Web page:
Most of us today live in a post-Enlightenment culture. We accept and value science. We understand liberty to mean our right to live our lives free of government control so long as we are not harming others, and so long as we respect the right of other people to do likewise. But there has been a persistent minority who never accepted these Enlightenment values, and they are represented by religious fundamentalists like Bachmann and Santorum who use the word “freedom” in the older, Puritan sense of “freedom to do the right thing”–and who believe it is government’s job to tell us what the “right thing” is.

(Interestingly, they never seem to doubt that they know precisely what God wants–that, as a friend once put it, God hates the same people they do. But that’s a phenomenon for a different post.)

Most religious folks, including most Evangelical Christians, have accepted modernity. They aren’t at war with science, and they are willing to argue for their vision of morality in a diverse and expanding marketplace of ideas. If the Republican party continues to embrace the Puritan worldview, if it becomes the party of the Santorums and Bachmanns, it will accelerate a process of marginalization that has already led so many of us to abandon the party.

And that’s not good for America.

Political Fundamentalism

I had lunch today with a delightful young woman who, among other things, is active with the League of Women Voters. During our discussion, she remarked (rather plaintively) that she found it difficult to understand why the League was so often viewed as a “liberal” organization. “We don’t take positions until we have studied them carefully,” she said. “We gather evidence for two years, and assess it carefully, and base our position on that evidence.”

There you go! Basing positions on evidence is what is now considered liberal.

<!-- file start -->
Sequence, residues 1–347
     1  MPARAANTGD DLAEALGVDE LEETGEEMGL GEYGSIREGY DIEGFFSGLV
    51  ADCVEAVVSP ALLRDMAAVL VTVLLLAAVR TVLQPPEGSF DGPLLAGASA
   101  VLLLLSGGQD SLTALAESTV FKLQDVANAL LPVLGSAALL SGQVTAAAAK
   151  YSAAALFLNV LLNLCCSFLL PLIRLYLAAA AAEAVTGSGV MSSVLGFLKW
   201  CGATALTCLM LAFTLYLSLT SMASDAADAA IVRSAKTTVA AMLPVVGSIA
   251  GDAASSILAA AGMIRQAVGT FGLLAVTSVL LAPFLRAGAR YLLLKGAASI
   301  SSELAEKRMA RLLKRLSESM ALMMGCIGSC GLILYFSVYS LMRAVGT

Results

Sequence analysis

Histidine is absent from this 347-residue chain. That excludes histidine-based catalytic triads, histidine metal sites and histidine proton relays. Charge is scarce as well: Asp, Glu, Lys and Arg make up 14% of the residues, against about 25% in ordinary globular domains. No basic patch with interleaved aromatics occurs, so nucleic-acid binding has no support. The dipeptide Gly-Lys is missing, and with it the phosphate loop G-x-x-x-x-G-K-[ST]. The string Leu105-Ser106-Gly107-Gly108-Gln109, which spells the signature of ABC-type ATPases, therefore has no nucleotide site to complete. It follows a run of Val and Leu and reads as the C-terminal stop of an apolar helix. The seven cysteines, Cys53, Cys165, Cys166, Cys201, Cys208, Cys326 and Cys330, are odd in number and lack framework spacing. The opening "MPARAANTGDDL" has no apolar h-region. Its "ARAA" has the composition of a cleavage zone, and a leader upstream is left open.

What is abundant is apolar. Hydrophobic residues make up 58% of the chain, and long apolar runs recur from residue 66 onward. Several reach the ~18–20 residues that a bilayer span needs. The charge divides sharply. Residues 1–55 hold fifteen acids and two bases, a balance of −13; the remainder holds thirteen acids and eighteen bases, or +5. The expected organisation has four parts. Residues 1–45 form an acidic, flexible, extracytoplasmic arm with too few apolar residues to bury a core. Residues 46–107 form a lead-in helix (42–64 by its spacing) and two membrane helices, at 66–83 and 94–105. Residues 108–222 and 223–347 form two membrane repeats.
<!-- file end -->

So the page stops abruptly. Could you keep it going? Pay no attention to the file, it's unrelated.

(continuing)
The conversation reminded me of an explanation from my book God and Country: America in Red and Blue. I was looking at the paradigm shift caused by the Enlightenment, and the profound effect that shift had on our Constitution.

When Francis Bacon insisted that laws governing the material world could be inferred through careful observation (a notion that, for contemporary Americans, is an unremarkable commonplace), it had enormous implications for the existing, traditional, deductive methods of understanding reality. The “old learning,” had begun with an a priori “given,” the bible, the absolute truth of which was unquestioned. The primary goal of Puritan education was thus directed at biblical understanding; one began with the text and learned—deduced—how to interpret it. Proper interpretation required the application of time-tested methods of exegesis and analysis, and instruction in historical context and meaning (mostly, what important theologians of the past had decreed to be correct understandings and approaches). One started with Truth, and education was the process of learning to apprehend and defend that Truth. Bacon changed the fundamental order of things by teaching that education must begin with observation of natural phenomena.

We are a country that was founded on a radical notion: evidence matters. Today, however, those of us for whom evidence still matters are dismissed as “liberals” by the political equivalents of the Puritans. Like those Puritans, our ideologues (of every stripe) begin with their “truth,” and look for evidence to support it and ways to impose it.

No wonder we find it so hard to communicate.